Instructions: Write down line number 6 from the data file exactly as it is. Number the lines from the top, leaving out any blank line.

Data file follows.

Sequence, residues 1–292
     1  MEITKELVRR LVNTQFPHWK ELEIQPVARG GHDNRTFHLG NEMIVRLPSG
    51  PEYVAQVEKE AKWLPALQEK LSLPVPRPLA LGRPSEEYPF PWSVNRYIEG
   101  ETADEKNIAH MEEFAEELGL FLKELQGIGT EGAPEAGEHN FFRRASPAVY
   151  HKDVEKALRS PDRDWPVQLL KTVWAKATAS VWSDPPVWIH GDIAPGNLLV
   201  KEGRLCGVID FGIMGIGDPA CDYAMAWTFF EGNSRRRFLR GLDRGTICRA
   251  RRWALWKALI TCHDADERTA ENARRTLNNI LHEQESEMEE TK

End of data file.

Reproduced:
   201  KEGRLCGVID FGIMGIGDPA CDYAMAWTFF EGNSRRRFLR GLDRGTICRA